severed. They waited in clouds of tear gas, with more and more canisters
being hurled at them, for the ambulance. Another medic treated a guy
whose finger was cut off as he tried to scale the wall. One girl's shoulder
was dislocated. I treated a man who got hit in the back with a tear
gas canister. One man got hit in the Adam's Apple with a rubber bullet
and underwent an emergency tracheotomy. My teammate Leigh had a serious
asthma attack in the clouds of gas. There were many victims of beatings
at the hands of police serious injuries from police batons. One
guy had his earring ripped straight out of his ear by a riot cop. There
were so many more, I just can't remember them all. And the funniest
thing is, the mainstream media (e.g. the Montreal Gazette) reported
only 300 injuries total. That figure is laughable, since I must have
treated that many myself! And there were probably 50 medics treating
that many injuries each!
In the midst of all this chaos and fear and pain there were bright
moments. On Thursday I was present at the start of the Women's March,
which was colorful, beautiful, peaceful, and magical. There were huge
puppets and decorated artwork that the women wove into the Wall of Shame.
That night I walked with the Torchlight Parade all the way from Université
de Laval to Ilot Fleurie. Along the entire route, for many countless
hours, the group sang songs, chanted, drummed and danced. Slogans such
as "This is what Democracy looks like;" "Whose streets? Our streets;"
"Ain't no power like the power of the people and the power of the people
won't stop" and "So So So, Solidarité!" were repeated over and
over. There was a festive atmosphere, with many residents waving from
their homes and calling out their support to the crowd. On Friday things
went bad as soon as the next march from Laval reached the perimeter,
but I saw some beautiful things through the clouds of gas. A group of
women joined hands and danced in a slow circle, singing beautiful songs
about peace and nonviolence. They were angelic, young and old, a space
of quiet in the midst of a thunderstorm of pain. Starhawk led her Pagan
group with blue banners and an aura of calm, straight into the tear
gas. I saw them go by and felt safe for just a moment. I heard later
that they went straight through the gas and the bullets, and sang and
danced right by the row of riot cops. Apparently some were later treated
for injuries. Their courage and faith was inspirational to many, including
me. On Saturday down at Ilot Fleurie a party was going on all day long.
In this space, supposedly the "Green Zone" (safe, non-confrontational,
nowhere near the perimeter) had a booth set up for Food Not Bombs, a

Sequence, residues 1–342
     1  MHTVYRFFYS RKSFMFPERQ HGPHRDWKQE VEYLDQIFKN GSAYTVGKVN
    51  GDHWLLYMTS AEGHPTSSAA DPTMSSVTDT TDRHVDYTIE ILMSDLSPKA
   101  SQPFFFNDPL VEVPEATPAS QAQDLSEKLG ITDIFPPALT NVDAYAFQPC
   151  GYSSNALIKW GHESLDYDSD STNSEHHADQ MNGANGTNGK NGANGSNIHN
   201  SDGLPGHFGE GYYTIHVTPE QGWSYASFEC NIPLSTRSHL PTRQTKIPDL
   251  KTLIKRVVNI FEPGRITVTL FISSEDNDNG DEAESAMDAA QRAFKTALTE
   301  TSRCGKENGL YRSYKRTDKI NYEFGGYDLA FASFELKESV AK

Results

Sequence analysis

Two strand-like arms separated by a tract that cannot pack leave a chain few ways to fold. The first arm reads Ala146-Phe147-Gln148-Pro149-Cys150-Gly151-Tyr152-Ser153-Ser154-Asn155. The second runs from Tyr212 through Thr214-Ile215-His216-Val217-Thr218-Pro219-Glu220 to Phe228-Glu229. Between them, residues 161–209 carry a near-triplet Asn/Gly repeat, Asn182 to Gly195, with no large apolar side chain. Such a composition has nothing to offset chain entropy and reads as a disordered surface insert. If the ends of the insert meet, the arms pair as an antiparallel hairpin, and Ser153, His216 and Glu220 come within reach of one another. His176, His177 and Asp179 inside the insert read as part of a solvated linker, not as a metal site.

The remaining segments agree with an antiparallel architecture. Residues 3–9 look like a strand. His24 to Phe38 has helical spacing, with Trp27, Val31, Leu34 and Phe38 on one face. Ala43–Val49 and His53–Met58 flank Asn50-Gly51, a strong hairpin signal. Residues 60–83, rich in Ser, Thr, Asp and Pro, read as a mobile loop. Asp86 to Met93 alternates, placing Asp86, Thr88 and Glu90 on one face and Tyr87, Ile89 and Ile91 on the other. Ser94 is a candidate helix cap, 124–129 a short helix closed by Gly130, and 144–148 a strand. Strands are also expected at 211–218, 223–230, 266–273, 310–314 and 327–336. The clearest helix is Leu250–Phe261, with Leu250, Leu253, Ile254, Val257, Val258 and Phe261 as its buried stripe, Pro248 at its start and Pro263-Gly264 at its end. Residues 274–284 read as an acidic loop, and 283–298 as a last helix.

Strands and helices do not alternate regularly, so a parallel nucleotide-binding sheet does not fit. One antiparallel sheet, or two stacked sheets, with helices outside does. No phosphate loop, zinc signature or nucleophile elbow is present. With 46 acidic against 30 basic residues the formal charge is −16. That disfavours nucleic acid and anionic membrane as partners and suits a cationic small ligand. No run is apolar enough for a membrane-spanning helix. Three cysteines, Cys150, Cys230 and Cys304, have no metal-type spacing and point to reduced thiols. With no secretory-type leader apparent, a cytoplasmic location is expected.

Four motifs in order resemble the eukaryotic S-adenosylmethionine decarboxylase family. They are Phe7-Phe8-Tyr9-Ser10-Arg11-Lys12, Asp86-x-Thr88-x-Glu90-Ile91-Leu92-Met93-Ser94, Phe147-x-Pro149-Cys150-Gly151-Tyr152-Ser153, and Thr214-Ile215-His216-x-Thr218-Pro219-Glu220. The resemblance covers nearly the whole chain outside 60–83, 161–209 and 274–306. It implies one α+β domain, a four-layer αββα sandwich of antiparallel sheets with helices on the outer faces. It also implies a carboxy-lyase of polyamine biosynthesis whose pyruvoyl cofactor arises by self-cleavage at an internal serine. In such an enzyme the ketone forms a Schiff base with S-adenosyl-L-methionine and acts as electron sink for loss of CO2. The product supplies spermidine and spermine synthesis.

group that fed us all weekend long. Everyone was welcome to come and
eat for free any time of day, and there were containers to eat out of
with a washstation nearby where everyone was expected to wash their
dish out after eating. There was also an art space set up where artists
would fashion their work to use in the protests. By late afternoon there
was a huge fire going in the street, with people dancing around it.
Many people ripped down street signs and used them as musical instruments
a steady beat went on for hours and hours, late into the night.
There was a group dancing to the beat, and everyone felt so free and
beautiful. It felt like the kind of society I want to live in, until
the police arrived and the fear set in. A whole phalanx of riot police
stood their ground at the top of the stairs looking down on Ilot Fleurie,
and were an intimidating presence for hours on end (from approximately
5 pm until they gassed us at 2:30 a.m.). Six helicopters circled overhead
What I saw this weekend, what I went through, what I saw people going
through - it made me realize how much stronger I am than I previously
thought. I kept saying to myself if you can get through this
moment, you can get through the next, and the next, and then whatever
life drops on you. And I got through it all, without serious injury
and without arrest. But I didn't get away scott-free. My heart hurts.
My mind hurts. Most of all, my soul is aching with pain and disbelief.
I can't believe how people hurt each other. I am shocked at the violence
I saw in the span of two days, Friday and Saturday. I can't believe
the ferocity of chemical weapons, and that a government would allow
its police force to use such arms against its own people. I am angered
that the Black Bloc, just a handful of protesters, attacked the police
and that the police reacted by gassing the thousands of peaceful protesters!
I fully appreciate the need of the police to defend themselves against
the concrete and plywood wielding Black Bloc-ers, but each of these
police officers is heavily armed and protected, and a handful of them
could have easily surrounded the Black Bloc and dealt with them instead
of affecting the peaceful demonstrators. Tear gas was being shot deliberately
at the peaceful demonstrators at the back of the crowd!
I want you all to know what really went down. I haven't even told you
the half of it here, but I've tried to give at least a taste of the
pain I saw all weekend. I am having a very hard time processing and
dealing with this the feelings I am experiencing are similar
to those I had when I came back from the death camps in Poland. I cannot
function adequately right now, and this article is part of my healing
process. I want to spread this message to as many people as possible.
I want the world to know what went on in Quebec, how undemocratic and
unfair and immoral and oppressive the situation was.
Yet I also want people to know that a better world is possible
through the gas and the pain and the fear I also glimpsed the possibility,
the hope, of that new, beautiful space. People from all walks of life,
backgrounds, ages, and races came together in Quebec to fight against
corporate rule, and to fight for basic human rights, environmentalism
and fair trade. We have a vision of a future where things will be better.
I don't stand with the anarchists who want to break this society in
order to form a new one, and I don't stand with the protesters shouting
"Revolution" in the armed sense. But I do stand with the ordinary individuals,
grandmothers, children, laborers, environmentalists, and humans, who
want to change things.
So I went to Quebec City as myself, and I came back as myself but with
eyes washed clear by tear gas and pepper spray. As the song says, "I
can see clearly now the rain has gone I can see all obstacles
in my way". I can see, but at what price to my psyche? I still don't
know. I find myself asking, would it have been better to have stayed
home and watched it all on TV? It would have saved me the pain and heartache,
but it would also have left me in my little bubble of idealism. Not
to say I am not still an idealistic, romantic, optimistic young woman
I am but I am also just a little bit more realistic.
All content copyright 1999-2006 by the
individual authors, where cited, or by
where not specifically credited.
Except where otherwise noted, this site is licensed under a
Creative Commons Attribution-NonCommercial-NoDerivs
Site design: Spider Silk Design - Toronto web designers
This page last modified: January 29, 2006